In business, change is inevitable. This is especially true for businesses that involve multiple interest- holders, each with his or her ownership interests, business responsibilities, and personal lives. For this reason, it’s important for companies to prepare for the unexpected and enter into what’s known as a Buy-Sell Agreement with their partners or shareholders.
A Buy-Sell Agreement provides exactly how (and for how much) a transfer of ownership interest in a business takes place upon the occurrence of certain events. Without this protection in place, a departing or deceased partner’s interest will transfer to a spouse, heir or buyer who may have little to no experience in running a business. To avoid putting any decision-making power in inexperienced hands, and to mitigate potentially upsetting the company’s success and profitability, an effective Buy-Sell Agreement will include detailed instructions and protocols regarding the following business concerns:
The most important thing to consider in drafting a buy-sell agreement is the list of events that will trigger its provisions. The most obvious event is the death of a partner, but a Buy-Sell Agreement can be made to take effect upon a partner’s disability or incapacity, bankruptcy, departure from the company, or divorce from a spouse. It’s important to make these trigger events clear and unambiguous so that there is no confusion as to when the Buy-Sell Agreement will come into play.
Once a triggering event occurs, a Buy-Sell Agreement should specify how a partner’s interests are sold or transferred. Many Buy-Sell Agreements prevent the transfer of a partner’s ownership interests to spouses or heirs until the company (or its shareholders) have had the opportunity to purchase the shares. Under these provisions, the ownership interests will only pass on to the partner’s spouse or heirs once the company or shareholders have made clear that they are unable or unwilling to make the purchase. To prevent this period of deliberation from becoming indefinite, it’s best to include a clear time-line during which the company will have the option to make the purchase.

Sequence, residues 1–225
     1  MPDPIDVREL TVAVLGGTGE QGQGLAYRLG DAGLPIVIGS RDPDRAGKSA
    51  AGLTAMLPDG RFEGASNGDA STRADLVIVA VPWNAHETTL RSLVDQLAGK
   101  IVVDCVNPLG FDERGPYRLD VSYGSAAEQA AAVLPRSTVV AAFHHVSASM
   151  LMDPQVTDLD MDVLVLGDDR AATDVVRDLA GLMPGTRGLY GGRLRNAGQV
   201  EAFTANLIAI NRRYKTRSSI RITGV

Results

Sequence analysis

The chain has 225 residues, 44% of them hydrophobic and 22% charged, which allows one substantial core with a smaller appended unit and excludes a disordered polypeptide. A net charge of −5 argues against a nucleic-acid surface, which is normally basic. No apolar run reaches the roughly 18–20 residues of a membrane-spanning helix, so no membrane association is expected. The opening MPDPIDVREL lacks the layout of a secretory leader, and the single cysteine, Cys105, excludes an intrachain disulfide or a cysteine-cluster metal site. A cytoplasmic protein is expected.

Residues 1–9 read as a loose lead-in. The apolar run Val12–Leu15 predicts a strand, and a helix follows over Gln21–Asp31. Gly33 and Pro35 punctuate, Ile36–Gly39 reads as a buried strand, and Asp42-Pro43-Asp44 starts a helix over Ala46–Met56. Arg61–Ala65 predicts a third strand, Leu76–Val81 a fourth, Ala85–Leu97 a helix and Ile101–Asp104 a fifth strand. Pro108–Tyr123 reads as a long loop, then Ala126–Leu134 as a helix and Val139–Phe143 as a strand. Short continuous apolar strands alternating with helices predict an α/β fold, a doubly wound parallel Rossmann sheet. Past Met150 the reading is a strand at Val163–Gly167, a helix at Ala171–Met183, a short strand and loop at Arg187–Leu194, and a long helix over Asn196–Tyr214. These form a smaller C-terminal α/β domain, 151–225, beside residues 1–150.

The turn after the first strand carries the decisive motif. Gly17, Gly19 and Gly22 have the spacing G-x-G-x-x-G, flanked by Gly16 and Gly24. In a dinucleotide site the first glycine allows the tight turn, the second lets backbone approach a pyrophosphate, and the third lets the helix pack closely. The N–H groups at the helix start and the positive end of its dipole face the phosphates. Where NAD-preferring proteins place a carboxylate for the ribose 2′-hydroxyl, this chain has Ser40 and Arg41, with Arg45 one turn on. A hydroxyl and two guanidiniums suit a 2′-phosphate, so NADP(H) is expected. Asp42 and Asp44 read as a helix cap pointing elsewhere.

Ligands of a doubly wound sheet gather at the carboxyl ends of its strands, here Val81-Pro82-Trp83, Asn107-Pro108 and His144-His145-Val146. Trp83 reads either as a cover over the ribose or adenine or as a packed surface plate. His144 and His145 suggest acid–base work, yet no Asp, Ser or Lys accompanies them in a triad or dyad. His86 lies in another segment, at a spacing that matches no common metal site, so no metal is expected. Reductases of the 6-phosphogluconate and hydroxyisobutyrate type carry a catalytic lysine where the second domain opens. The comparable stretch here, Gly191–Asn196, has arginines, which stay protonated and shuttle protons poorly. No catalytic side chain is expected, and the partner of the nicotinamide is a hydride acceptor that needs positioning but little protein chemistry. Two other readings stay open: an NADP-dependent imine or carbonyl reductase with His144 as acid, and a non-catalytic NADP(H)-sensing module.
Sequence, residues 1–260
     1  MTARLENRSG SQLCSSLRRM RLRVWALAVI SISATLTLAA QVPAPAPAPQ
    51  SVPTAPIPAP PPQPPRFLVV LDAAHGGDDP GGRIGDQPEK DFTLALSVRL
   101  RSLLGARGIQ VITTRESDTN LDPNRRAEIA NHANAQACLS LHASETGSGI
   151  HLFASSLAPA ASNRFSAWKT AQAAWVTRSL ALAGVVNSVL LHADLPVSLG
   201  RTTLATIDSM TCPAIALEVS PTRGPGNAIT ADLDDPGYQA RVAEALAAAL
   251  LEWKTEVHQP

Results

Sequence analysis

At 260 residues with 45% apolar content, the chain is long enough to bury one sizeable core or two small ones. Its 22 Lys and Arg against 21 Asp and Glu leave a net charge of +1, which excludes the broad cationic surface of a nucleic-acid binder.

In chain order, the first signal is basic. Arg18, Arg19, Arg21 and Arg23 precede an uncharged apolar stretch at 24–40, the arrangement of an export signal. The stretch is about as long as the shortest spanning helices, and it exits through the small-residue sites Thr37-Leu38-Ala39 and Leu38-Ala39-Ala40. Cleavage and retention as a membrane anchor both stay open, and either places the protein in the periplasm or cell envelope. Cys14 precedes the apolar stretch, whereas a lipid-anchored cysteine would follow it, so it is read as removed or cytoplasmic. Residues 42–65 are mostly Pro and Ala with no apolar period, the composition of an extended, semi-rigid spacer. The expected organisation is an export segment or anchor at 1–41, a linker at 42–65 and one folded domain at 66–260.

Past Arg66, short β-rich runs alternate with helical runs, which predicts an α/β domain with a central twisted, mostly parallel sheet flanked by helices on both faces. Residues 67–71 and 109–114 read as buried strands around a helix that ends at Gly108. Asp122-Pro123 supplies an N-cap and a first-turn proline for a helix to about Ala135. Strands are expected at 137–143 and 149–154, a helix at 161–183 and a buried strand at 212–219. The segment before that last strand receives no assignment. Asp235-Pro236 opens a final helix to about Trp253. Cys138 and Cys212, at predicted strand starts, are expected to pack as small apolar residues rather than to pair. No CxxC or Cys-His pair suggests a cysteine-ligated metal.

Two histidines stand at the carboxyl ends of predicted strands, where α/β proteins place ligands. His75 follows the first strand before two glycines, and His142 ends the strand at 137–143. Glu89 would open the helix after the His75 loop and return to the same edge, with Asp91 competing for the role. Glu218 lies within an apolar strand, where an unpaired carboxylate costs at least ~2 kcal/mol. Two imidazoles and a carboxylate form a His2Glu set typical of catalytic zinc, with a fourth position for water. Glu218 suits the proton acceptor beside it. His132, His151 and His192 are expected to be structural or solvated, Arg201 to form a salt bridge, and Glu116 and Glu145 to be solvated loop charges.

After the buy-sell agreement determines who can buy a departing partner’s share of the business, it should determine how much of that interest can be purchased. In the case of death or incapacity, for example, the company would likely seek to repurchase the entirety of the departing partner’s interests so that the business can resume operation as smoothly as possible. On the other hand, where a partner is involved in a marital divorce, the company would likely prefer only to repurchase those interests that actually transferred to the partner’s spouse, so as to avoid diluting the partner’s interests.
Valuation method is also incredibly important to an accurate sale or transfer, and specifying how the company will be valued at the time of a buy-sell event will save you a headache and disagreements later on.
These issues are ones that are best avoided at the eleventh hour. Buy-Sell Agreements are critical to protecting a business, its partners, and their interests, and should be drafted by an experienced attorney and updated regularly to ensure that they continue to reflect the desires of the business owners.